Havoc Carbon and Aluminum Bars
Along with the new stems, Easton also added a duet of new bars in the Havoc line up: a super slick carbon bar and an equally sexy new aluminum bar. Now what is really awesome about the carbon version is the fact that it’s lighter than most all-mountain carbon bars. At 235 grams and 750 mm wide, the Havoc carbon is impressively light as well as tough.
The Havoc aluminum bar is pretty light as well, weighing in at 315 grams. This version is made from tough 7050 aluminum (high strength with just enough flex to it) and features Easton’s Taperbore technology. Taperbore doesn’t just mean the center is thick and the ends are thin; Taperbore actually tunes the thickness of the bar throughout to ensure there is sufficient material where it needs to be, improving vibration and stiffness characteristics. The chart below shows how the bar thickness varies over the length of the bar.
Both bars have the same bend at 9-degrees back sweep and 5-degrees up sweep with a 20mm rise. What does all that mean? With a bar at 750 mm (29.5″) wide and my shoulders at 520mm (20.25″) wide, this places my wrist in a very neutral position without feeling uncomfortable at all. A slight inward bend is perfect when traveling through the rough stuff and for hitting jumps or needing more control, the width really stands out and gives a major boost in both precision steering and torque. The good thing is you can always shave some width off the bars if you find it’s too much. For me the extra width even worked on my trail bike – the wider bars allowed me to breath easier on the climbs.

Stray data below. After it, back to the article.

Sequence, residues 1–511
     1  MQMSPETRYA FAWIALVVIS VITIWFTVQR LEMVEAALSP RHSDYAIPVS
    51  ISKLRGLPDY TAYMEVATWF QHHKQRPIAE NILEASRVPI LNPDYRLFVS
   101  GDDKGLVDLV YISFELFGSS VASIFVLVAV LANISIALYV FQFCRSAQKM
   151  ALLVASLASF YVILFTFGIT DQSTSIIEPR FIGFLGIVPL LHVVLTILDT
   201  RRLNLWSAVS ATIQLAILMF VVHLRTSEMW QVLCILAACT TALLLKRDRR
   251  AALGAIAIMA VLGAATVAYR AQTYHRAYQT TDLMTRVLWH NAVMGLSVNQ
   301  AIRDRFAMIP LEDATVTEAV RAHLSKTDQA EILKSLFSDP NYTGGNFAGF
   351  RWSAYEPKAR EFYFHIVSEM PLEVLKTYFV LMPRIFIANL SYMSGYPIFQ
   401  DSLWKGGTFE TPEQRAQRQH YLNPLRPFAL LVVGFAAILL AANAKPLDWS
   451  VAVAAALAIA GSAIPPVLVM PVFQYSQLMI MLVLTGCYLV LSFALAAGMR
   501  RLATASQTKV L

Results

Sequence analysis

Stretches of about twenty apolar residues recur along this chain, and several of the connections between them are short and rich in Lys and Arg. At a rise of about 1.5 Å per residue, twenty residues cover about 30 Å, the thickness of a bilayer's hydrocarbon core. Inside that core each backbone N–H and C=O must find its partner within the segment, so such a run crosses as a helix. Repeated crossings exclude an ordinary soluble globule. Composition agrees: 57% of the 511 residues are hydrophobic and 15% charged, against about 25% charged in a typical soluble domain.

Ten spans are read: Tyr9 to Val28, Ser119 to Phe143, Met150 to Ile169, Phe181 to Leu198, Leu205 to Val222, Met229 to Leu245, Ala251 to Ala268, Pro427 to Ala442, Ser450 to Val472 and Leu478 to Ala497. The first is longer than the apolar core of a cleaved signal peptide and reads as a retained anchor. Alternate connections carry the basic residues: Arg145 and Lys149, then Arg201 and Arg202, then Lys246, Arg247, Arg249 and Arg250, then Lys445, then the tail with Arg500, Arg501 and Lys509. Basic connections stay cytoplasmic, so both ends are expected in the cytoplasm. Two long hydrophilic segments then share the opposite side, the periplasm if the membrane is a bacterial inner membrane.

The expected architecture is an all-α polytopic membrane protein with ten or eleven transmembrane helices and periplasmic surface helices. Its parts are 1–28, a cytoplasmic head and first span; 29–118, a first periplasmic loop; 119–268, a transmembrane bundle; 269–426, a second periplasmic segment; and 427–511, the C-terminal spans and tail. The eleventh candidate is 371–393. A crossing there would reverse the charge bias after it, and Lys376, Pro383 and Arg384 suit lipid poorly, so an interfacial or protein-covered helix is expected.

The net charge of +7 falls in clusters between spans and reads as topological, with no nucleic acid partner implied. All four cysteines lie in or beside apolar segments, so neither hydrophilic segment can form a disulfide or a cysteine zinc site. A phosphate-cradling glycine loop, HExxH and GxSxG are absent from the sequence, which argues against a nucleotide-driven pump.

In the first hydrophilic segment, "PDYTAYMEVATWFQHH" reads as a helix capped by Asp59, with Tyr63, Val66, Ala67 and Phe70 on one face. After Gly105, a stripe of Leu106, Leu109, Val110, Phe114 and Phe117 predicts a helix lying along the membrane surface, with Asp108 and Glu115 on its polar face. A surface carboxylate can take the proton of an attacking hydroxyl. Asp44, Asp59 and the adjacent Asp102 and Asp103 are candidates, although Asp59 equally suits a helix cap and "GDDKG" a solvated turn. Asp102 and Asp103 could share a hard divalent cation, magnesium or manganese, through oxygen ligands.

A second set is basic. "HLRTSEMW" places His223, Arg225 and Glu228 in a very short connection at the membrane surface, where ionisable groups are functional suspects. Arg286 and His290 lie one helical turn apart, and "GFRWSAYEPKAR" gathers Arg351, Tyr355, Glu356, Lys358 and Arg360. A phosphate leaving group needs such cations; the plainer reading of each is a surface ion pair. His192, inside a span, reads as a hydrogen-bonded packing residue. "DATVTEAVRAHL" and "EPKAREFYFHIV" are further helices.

Installation is a breeze thanks to the instructions from Easton that are easy to understand with pics to back everything up. When playing with new products such as these, it’s important to torque everything down per the instructions – you don’t want anything to fail due to installation errors. In the case of the carbon bar I added Motorex anti-slip for carbon on my stem before installing. This adds a measure of safety and increases friction to prevent galling if the bar were to rotate. Swapping the Easton parts between my FR, trail, and DJ bikes I had no issues with fit or installation.